By using these brand pillars as a basis, you can create a brand identity that sets you apart from your competition. Companies that fail most likely haven’t considered what their brand pillars are and how they align.
If you have a robust strategy, but you don’t have a purpose or identity, people won’t feel compelled to purchase from you. On the other hand, if you promise that you value user experience, but the perception is off, then you also won’t find success.
In the next section, let’s review how you can use these categories to define your brand pillars.
How to Determine Your Brand Pillars
To determine your brand pillars, you should ask yourself a series of questions to come up with the top characteristics that you want to communicate to your audience.
- Why did you/are you starting your company?
- What do you want to accomplish?
- How do you want to serve your customers?
- What value do you offer to customers that support your mission and vision?
Your purpose should serve as a magnet for employees and customers who share similar values. It will also provide a hook to tell your company’s story and differentiate yourself from your competition.
- What role do you play in your customer’s mind?
- What do they perceive your value to be?
This pillar could be something like education. Perhaps people view you as a place they go to learn about your industry. This is completely owned by your audience and how they interpret your brand through messaging and reputation and management.
- What’s your culture like?
- What’s your point of view?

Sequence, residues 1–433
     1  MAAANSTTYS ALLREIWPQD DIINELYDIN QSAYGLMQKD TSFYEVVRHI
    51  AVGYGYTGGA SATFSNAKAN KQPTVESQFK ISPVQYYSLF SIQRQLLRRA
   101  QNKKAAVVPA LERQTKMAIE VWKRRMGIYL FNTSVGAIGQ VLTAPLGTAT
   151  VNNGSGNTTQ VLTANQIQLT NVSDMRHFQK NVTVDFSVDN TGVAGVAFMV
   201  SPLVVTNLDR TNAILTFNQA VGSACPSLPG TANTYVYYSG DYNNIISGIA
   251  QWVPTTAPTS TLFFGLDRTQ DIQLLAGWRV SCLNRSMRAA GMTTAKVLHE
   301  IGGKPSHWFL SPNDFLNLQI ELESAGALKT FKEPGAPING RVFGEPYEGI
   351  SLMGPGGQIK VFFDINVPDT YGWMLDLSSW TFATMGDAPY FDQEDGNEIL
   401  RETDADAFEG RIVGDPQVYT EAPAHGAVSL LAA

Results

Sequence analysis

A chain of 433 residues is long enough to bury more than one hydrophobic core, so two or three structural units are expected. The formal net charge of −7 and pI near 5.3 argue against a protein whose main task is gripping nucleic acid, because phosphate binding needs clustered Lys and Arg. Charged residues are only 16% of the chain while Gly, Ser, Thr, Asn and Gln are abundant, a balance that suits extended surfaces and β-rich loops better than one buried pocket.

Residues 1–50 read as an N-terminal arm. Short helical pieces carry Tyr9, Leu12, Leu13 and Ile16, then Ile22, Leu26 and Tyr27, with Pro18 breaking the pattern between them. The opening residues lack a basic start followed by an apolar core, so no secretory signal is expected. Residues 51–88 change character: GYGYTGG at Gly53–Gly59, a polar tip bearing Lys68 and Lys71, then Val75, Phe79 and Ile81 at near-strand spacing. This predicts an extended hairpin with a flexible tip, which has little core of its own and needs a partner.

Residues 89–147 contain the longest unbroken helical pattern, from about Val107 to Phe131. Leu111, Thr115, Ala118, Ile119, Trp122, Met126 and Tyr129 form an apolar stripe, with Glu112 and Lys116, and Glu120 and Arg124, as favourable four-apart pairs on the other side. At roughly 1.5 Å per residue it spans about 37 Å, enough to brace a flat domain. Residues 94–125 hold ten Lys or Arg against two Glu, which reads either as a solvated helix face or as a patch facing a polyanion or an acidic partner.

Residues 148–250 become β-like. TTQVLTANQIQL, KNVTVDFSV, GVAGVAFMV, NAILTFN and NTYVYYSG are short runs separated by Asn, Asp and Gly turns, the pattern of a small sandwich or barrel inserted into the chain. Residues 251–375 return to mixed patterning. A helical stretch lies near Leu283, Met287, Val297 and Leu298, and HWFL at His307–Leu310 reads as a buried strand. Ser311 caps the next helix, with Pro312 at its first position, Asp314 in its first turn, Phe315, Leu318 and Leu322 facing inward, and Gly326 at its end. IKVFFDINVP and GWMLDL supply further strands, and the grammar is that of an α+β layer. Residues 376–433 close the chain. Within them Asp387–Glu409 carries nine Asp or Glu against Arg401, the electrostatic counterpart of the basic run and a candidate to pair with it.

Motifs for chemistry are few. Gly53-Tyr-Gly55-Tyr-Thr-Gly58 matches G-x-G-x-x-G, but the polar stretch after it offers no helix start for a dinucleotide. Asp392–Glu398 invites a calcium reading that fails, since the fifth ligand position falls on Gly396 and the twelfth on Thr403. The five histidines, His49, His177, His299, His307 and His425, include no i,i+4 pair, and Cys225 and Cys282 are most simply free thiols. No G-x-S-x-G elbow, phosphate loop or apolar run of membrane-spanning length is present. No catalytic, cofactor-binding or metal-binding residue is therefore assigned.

- What kind of tone of voice do you use in communication?
- What are your convictions and behaviors that define your brand?
Defining your voice and brand is about strategizing how you want to speak to your audience on several platforms. The brand personality signals what employees might be like, how they behave, who your customers are, etc.
- What’s important to you in your interaction with your audience?
- What do you value above all else, even before your own financial interests?
Again, this pillar will help define what you care about as a company.
- How do customers interact with you at each touchpoint?
- What kind of experience do you want customers to have?
- What makes your customer experience better than your competitors?
This pillar will define much of your perceived personality and reputation.
When creating your brand pillars, think about what your customers get from you. Do they get convenience, higher quality, time savings, etc.?
To determine your brand pillars, think about your brand strategy and come up with things that clearly define your personality, voice, customer experience, your purpose, and how people will perceive your brand.
Brand Pillar Examples
1. Hilton Brand Pillars
Hilton’s brand pillars are very clearly stated on its website. They value hospitality, integrity, leadership, teamwork, ownership, and now (sense of urgency).
These are stated as their values, but they’re really brand pillars that showcase how the company wants to be perceived, what their identity is, what the customer experience is like, and what they value.
2. Patagonia Brand Pillars
Patagonia is a brand that has personality and purpose. Their mission is to inspire and implement solutions to the environmental crisis (this is their purpose). Additionally, Patagonia offers a minimalistic style and values simplicity and utility (this is their personality and values).
3. Nike Brand Pillars
Since it was founded, Nike has been consistent in its brand pillars. They are all about competition and surpassing one’s limits. All the company’s advertising, messaging, and investment decisions support that personality and value.
Brand pillars are a great way to define and differentiate your company from the competition. It’s not just about making products anymore — it’s about having a voice and point of view that offers value to its customers.